Meet South Peninsula Hospital’s new Chief Executive Officer: Joseph Woodin.
The hospital announced his hiring Tuesday. The search began shortly after longtime CEO Bob Letson announced his impending retirement in August 2017 and included dozens of candidates, according to the release from the hospital.
Woodin has a master of science in administration and a bachelor of science in industrial engineering. He worked as an industrial engineer in manufacturing and the service industry before his foray into the medical world. He said that in health care, the same position he held as an industrial engineer is called a management engineer, which is how he says he “cut his teeth” in learning the operations of hospitals.
He said that since his wife died of cancer five years ago, he’s been looking to settle in a unique place to live that he wouldn’t have known about otherwise. Woodin was approached by the hospital’s search committee through an online job site.
“Like many things in life that have changed, it was done over the internet,” he said.
Woodin came for a week-long visit and said that, having spent much of his time at similar critical access hospitals, he found South Peninsula Hospital a “near perfect” fit.
“I was very enamored and touched by the hospital and the community,” he said.
Woodin spent 17 years as the president and CEO of Gifford Health Care and Gifford Medical Center in Vermont, and more recently was the president and CEO of Martha’s Vineyard Hospital. The hospital’s board voted to fire Woodin from that position in 2017 after he had spent just over a year there.
According to a report by the Boston Globe, the board gave no reason other than that Woodin’s vision for the hospital did not align with theirs. Hospital board chairman Timothy Sweet told the Globe that “Woodin did nothing nefarious or inappropriate.”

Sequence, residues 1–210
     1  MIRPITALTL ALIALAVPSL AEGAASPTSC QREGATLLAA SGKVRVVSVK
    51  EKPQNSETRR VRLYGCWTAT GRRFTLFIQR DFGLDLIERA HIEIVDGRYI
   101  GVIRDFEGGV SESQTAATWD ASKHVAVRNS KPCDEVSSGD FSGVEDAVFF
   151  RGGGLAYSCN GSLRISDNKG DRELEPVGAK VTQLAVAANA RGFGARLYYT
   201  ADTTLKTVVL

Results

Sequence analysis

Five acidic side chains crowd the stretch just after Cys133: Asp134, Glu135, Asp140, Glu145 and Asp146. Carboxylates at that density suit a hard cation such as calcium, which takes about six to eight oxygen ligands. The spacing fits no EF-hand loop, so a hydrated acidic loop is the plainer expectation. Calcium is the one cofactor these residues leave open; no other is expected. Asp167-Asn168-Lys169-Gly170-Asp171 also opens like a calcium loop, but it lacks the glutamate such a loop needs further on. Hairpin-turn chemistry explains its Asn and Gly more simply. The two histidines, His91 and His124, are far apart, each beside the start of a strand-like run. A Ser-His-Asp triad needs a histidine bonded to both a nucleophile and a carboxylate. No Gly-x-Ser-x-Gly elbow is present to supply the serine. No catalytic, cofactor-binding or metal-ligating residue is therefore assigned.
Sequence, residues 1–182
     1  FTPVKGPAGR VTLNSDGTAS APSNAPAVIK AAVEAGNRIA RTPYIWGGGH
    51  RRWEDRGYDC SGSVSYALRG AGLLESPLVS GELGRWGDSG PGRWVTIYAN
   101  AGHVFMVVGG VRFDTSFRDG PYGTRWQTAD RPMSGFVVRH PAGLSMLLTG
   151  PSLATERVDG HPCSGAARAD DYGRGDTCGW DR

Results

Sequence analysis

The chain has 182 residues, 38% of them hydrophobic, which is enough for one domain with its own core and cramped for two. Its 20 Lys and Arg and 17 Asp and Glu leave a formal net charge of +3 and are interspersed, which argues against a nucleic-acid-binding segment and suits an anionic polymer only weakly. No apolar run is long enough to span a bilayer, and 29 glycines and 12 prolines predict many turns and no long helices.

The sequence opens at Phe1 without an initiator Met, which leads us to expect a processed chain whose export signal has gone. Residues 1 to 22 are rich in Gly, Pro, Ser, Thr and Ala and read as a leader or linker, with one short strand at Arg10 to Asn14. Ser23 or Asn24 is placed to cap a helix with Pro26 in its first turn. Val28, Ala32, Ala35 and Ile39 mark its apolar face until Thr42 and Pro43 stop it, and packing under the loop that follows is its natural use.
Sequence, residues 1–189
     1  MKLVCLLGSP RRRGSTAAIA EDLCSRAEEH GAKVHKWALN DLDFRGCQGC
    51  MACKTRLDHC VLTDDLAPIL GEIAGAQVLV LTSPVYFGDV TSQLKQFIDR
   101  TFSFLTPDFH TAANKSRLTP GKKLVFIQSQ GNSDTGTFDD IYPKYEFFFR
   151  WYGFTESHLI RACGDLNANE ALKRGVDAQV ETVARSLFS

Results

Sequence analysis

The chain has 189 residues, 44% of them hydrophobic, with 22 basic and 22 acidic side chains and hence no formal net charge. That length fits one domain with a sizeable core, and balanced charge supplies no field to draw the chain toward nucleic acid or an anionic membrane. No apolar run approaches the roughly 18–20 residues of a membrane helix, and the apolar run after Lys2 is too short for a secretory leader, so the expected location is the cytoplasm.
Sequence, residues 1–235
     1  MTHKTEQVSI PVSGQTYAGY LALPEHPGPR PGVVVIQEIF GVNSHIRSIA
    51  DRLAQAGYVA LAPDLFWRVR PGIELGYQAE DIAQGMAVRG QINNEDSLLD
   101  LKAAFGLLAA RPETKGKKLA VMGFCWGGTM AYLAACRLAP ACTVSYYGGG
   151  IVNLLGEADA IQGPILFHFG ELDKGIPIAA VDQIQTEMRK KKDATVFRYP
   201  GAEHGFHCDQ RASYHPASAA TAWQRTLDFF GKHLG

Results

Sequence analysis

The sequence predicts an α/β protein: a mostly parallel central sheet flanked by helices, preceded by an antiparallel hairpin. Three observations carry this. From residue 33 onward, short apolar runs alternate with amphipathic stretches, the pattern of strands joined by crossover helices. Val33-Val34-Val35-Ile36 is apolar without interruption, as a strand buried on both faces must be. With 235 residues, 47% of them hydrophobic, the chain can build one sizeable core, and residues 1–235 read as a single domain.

The board’s move caused shock and criticism among the Martha’s Vineyard community, and Woodin himself was outspoken at the time in regard to his confusion over being dismissed.
He will be relocating from Vineyard Haven, Massachusetts, and is expected to begin at SPH by March 26, according to the release.
Woodin said his plans for his time at SPH include working to keep up with changes in health care.
“I don’t think hospitals can really ‘keep things status quo’ because the environment continues to change dramatically,” he said.
He said some focuses of his work will be to keep the hospital successful and independent, which he said the board seems to favor. This includes managing the hospital’s finances and continuing to monitor the quality of care the community gets.
In the landscape of Alaska’s increasingly expensive health care industry, Woodin said trying to provide as many services locally will be important to avoid residents outsourcing their needs to places like Seattle. He said, though, that he believes hospitals and health care industries will face financial hardships wherever one goes in the country.
He noted that his predecessor, Letson, has already done much of the legwork in establishing a solid foundation of services in Homer.
“I’m just very thankful and appreciative for the opportunity and look forward to joining the community,” Woodin said.
Reach Megan Pacer at firstname.lastname@example.org.